"Lord, I don't ask that I should win, but please, please don't let me finish behind Akabusi."
God, sport, gold: A Christian view of the Olympics
Bringing glory to God whether you win or lose is part of competing for a Christian athlete
My day job, apart from writing, is as the director of Verité Sport - a Christian ministry to the world of sport. I believe, sport is part of God's creation: it is good and to be enjoyed. The words attributed to the Christian athlete Eric Liddell as he runs in the film Chariots of Fire are: "God made me for a purpose, but he also made me fast and when I run, I feel his pleasure". They express a profound truth.
The Olympics are the ultimate for many sportspeople: the opportunity to test their ability on the world stage and to achieve a place forever in the record books. Simon Clegg, Chef de Mission for the British Team in Beijing, describes being an Olympian as, "a club that money can't buy into, a club that many aspire to but only a very few achieve." While that is true, there is a price to pay. Faith doesn't make defeat any easier, but it gives the Christian athlete a different perspective.
Members of the women's quad sculls were crying openly when in the final 500 metres of the women's quadruple sculls the Chinese overtook them, just as gold seemed within their grasp and, for the second time, they were relegated to silver and second place. Winning gold meant so much - and the disappointment was crushing. Yet for the Christian, winning is not the sole point or aim of competing. Debbie Flood, one of the four women's quad sculls explains:"God is interested in every single person and in everything we do. I really believe that God has put me in rowing to be a witness for him".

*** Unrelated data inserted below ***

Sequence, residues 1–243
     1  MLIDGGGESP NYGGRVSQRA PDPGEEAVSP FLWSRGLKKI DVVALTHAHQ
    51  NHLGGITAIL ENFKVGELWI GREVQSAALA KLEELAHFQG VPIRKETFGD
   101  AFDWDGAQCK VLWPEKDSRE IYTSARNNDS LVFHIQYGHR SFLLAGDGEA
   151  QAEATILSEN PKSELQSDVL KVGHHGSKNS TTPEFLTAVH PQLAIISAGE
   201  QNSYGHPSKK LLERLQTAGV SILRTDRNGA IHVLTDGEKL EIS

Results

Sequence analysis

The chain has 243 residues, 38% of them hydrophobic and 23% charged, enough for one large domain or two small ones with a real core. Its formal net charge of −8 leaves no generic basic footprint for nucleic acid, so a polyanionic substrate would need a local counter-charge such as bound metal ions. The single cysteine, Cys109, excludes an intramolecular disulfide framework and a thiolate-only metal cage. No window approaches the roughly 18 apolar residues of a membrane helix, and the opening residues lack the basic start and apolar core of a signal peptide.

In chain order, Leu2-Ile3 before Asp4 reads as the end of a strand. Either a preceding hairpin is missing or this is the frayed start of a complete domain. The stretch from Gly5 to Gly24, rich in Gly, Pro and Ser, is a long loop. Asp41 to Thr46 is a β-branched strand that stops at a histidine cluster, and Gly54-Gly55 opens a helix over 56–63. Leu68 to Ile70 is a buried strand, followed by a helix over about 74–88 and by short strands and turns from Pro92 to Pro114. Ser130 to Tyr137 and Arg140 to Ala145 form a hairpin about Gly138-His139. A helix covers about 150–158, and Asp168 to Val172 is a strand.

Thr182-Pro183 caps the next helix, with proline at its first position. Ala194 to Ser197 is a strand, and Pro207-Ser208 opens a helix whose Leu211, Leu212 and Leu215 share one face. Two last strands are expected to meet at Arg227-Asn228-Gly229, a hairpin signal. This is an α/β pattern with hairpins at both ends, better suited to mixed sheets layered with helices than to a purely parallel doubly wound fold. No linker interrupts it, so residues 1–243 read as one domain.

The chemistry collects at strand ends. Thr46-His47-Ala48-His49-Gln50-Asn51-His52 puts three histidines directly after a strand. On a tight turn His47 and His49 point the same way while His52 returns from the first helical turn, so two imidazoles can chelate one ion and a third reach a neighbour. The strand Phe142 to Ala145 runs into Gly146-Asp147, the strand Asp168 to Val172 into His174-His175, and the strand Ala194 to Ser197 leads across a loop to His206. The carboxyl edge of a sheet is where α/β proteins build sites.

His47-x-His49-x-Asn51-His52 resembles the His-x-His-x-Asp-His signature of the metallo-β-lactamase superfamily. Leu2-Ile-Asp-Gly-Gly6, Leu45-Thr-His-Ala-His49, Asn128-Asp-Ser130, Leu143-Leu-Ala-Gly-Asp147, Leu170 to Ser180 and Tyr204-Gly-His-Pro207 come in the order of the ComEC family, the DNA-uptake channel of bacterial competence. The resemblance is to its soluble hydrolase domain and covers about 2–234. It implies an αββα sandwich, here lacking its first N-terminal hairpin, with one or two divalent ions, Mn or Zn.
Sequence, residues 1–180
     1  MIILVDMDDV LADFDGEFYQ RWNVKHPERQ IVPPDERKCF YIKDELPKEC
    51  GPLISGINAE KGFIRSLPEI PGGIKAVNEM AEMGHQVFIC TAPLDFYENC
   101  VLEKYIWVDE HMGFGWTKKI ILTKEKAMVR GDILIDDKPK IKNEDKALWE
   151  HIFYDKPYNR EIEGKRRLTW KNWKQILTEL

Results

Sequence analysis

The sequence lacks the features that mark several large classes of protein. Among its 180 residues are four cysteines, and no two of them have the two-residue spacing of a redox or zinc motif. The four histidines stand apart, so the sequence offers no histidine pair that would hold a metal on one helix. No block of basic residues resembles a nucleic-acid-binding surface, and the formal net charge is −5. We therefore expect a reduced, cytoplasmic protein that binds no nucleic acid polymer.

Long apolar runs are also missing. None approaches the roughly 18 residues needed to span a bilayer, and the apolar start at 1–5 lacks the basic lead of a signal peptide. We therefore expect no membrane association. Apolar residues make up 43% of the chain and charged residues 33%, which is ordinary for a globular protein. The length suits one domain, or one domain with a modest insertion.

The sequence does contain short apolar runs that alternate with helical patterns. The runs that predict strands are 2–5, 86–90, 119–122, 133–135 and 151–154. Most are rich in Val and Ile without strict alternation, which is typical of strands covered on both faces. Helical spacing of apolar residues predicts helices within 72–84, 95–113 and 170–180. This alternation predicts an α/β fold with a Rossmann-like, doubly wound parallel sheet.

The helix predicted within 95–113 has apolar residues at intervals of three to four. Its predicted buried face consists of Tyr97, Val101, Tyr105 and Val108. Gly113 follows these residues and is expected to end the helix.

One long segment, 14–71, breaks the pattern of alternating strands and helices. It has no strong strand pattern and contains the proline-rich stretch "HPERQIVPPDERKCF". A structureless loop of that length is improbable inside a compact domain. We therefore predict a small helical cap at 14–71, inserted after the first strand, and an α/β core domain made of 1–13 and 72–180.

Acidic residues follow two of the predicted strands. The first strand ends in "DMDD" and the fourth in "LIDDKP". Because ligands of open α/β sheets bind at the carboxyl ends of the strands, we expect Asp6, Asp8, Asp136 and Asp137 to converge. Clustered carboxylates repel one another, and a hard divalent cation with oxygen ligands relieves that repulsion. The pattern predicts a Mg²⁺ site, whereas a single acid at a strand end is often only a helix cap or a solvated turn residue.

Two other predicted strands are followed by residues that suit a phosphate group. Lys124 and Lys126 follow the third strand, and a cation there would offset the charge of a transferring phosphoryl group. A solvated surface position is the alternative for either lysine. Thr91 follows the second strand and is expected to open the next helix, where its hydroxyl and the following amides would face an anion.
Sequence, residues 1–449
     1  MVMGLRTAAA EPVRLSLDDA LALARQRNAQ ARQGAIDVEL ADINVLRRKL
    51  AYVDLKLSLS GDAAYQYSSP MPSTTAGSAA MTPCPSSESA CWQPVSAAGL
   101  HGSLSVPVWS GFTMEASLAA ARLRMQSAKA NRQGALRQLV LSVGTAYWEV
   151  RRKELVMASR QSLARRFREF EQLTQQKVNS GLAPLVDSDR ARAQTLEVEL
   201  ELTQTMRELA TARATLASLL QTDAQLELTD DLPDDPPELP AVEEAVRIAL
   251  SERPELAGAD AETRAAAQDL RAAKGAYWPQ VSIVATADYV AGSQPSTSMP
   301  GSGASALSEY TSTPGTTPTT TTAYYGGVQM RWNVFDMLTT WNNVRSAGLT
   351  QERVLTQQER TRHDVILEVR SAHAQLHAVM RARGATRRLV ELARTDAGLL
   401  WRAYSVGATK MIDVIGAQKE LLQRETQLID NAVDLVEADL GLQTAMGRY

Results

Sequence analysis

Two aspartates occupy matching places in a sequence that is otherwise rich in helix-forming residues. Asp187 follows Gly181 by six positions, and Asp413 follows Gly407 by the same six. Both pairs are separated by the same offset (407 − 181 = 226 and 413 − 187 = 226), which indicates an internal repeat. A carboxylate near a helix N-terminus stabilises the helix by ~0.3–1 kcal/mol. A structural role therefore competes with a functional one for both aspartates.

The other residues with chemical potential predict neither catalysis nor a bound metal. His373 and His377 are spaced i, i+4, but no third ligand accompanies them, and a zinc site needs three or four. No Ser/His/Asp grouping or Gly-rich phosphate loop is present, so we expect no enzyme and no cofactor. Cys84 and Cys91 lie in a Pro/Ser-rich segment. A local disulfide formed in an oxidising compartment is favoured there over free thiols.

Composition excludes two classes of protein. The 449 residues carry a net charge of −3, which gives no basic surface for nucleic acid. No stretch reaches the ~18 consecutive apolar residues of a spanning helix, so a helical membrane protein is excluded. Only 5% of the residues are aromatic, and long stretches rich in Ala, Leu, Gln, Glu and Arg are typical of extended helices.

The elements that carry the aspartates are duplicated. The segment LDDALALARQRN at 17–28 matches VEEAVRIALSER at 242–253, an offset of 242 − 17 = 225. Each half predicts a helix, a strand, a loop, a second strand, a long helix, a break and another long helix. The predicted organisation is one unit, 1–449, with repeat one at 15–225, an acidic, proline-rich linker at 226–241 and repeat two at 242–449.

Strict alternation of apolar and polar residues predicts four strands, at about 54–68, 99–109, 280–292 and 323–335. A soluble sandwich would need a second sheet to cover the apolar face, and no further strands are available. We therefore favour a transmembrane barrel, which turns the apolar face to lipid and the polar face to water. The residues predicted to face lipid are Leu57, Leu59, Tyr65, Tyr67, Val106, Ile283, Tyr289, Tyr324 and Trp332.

Likewise, Marilyn Okoro, the great British hope for the 800 metre semi-final, had a disappointing finish, ending the semi-final's first heat in sixth place, with a time of 1:59:53. As the British Olympic Association reported, Okoro was distraught to be disqualified from the final. Earlier in the season, Okoro told me that she tries "to combine my faith and athletics ... I run from God and try to bring glory to him". But faith is no shield against disappointment, and working through disappointment while trying to glorify God is no easy task.
Yet in the midst of the stress in Beijing, many Olympic competitors are valuing the opportunity to have a spiritual experience - whether that involves attending a religious service, sitting quietly in the religious centre that is always part of the Olympic village, being prayed for by someone of their own faith or simply having someone to listen to them. The centre and the chaplaincy are always part of the Olympic scene. However, as I will discuss in my final Olympic report, chaplaincy Chinese style has not, unfortunately, worked as well as it might have.
Stuart Weir, Director of Verité Sport From Times Online August 19, 2008